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The Discourses of Epictetus, tr. by P.E Matheson, [1916], at



Consider which of the aims that you set before you at the first you have achieved, and which you have not, and how some things give you pleasure to remember and some give you pain; and if possible, recover what you failed to obtain. For those who are entering on the greatest of all struggles must not shrink, but must be ready to endure stripes; for the struggle they are concerned with is not wrestling or the pancration, in which a man may succeed or fail, and yet be worth little or worth very much—nay more, he may be most fortunate or most miserable; no, his struggle is for good fortune and happiness itself.

What follows? In this competition, even if we give in for the moment, nothing prevents us from returning to the struggle; we have not to wait for another four years for the next Olympic Games to come. At once you may recover yourself, and pull yourself together, and renew the struggle with the same energy as before; and if you grow faint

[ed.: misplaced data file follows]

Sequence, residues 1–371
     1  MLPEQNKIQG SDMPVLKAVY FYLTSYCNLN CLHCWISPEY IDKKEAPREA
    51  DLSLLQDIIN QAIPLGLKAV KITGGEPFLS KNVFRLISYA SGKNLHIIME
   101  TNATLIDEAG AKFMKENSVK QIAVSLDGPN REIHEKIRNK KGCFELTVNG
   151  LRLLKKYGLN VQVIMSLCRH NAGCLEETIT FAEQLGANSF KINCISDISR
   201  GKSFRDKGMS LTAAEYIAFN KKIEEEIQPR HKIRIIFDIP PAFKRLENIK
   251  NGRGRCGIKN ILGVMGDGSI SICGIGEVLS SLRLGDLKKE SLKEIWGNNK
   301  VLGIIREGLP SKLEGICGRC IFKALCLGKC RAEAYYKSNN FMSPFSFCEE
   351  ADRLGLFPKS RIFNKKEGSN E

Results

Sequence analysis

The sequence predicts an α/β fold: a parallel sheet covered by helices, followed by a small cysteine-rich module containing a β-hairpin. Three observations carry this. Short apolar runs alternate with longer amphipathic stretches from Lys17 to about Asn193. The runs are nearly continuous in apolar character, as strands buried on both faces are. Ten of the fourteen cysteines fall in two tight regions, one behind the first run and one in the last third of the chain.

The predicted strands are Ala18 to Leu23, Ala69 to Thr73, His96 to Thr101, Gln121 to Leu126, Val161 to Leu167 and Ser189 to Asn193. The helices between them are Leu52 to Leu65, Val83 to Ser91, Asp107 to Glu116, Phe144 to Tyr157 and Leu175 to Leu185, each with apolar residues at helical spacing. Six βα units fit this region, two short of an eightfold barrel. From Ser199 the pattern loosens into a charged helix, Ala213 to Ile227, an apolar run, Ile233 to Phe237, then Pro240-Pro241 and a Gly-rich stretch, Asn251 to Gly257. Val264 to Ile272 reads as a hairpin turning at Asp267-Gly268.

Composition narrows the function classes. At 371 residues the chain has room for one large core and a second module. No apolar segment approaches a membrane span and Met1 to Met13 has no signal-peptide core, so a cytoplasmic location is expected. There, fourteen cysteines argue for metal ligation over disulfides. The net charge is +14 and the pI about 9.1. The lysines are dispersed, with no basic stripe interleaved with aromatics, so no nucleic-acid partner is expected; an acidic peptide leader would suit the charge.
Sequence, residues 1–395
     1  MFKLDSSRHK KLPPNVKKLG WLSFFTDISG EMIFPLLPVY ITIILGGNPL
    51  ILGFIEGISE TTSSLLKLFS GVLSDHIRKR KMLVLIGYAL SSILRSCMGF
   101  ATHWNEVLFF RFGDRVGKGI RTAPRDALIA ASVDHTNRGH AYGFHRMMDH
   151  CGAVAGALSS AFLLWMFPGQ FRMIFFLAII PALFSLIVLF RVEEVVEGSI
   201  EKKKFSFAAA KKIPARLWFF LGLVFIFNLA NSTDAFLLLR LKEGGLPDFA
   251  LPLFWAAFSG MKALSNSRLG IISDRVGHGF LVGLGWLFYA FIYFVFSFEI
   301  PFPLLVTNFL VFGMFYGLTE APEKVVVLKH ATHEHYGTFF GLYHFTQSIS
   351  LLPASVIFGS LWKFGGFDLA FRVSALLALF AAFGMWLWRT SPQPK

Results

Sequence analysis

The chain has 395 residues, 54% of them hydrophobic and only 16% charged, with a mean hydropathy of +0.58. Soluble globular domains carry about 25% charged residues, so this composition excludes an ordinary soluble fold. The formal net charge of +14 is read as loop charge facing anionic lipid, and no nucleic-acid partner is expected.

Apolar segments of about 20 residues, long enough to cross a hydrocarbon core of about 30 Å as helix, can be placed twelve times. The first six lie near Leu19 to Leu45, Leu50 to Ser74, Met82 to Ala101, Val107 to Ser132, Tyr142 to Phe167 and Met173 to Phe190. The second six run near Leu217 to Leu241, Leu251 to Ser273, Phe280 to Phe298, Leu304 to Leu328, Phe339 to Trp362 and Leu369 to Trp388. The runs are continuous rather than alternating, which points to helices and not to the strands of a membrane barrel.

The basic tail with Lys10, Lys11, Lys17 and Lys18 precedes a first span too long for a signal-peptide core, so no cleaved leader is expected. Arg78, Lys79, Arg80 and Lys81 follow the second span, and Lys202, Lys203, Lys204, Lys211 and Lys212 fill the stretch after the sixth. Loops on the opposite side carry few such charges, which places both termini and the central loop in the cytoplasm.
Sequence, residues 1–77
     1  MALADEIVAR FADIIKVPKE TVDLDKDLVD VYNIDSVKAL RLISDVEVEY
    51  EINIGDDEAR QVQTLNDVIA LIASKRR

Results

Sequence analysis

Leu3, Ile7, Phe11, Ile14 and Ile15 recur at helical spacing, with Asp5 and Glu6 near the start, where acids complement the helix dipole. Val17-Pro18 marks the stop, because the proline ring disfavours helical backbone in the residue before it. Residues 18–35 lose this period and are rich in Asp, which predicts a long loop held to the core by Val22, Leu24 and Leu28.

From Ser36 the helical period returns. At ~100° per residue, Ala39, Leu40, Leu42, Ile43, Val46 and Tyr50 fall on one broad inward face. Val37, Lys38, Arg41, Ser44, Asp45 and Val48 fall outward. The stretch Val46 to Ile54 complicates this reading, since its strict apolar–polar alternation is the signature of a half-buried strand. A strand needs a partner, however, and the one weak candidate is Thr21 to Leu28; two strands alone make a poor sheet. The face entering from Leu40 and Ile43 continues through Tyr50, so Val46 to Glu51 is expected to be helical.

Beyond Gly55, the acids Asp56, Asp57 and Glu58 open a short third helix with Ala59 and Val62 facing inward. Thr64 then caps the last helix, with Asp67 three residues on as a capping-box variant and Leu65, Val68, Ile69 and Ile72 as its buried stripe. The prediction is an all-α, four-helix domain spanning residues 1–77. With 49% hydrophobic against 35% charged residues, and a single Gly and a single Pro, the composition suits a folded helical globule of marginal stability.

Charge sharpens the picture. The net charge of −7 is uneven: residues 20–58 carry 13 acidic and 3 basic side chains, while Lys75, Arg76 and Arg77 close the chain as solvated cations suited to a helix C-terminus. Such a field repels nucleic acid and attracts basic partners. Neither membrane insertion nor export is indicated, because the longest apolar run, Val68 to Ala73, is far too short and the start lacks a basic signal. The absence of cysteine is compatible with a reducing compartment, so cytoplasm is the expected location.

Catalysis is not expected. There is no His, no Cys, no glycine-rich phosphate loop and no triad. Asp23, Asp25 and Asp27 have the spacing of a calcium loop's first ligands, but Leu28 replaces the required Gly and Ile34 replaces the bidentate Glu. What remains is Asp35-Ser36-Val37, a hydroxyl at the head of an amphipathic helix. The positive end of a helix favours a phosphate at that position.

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again, you may renew it again, and if you once attain to victory you are as one who has never failed. Only do not begin to take a pleasure in failing from sheer force of habit, and go about as a sorry athlete defeated in the whole round of all the Games, for all the world like quails that have escaped!

'I am overpowered by the impression of a pretty maid. Well! was I not overpowered lately? I am eager to find fault with some one. Did I not do so lately?'

You talk lightly to us, as though you had got off scot-free. It is as though a man, when his doctor forbade him to bathe, should say, 'Why, did not I bathe quite lately?' What if the doctor can answer him, 'Well, what effect did bathing have on you? Did you not fall into a fever? Did you not get a headache?' So when you found fault with some one lately, was it not the act of a bad man, and of a foolish one? Did you not feed this habit, by putting before it acts which were congenial to it? And when the pretty girl was too much for you, did you get away unpunished? What do you mean then by talking of what you did lately? Nay, you ought rather, I think, to have remembered, as slaves remember their floggings, and to have refrained from repeating the same offence. But it is not the same thing: pain makes the memory of the slave, but what pain or penalty attends your offences? When did you acquire the habit of avoiding evil activities?

Next: Chapter XXVI. To Those Who Fear Want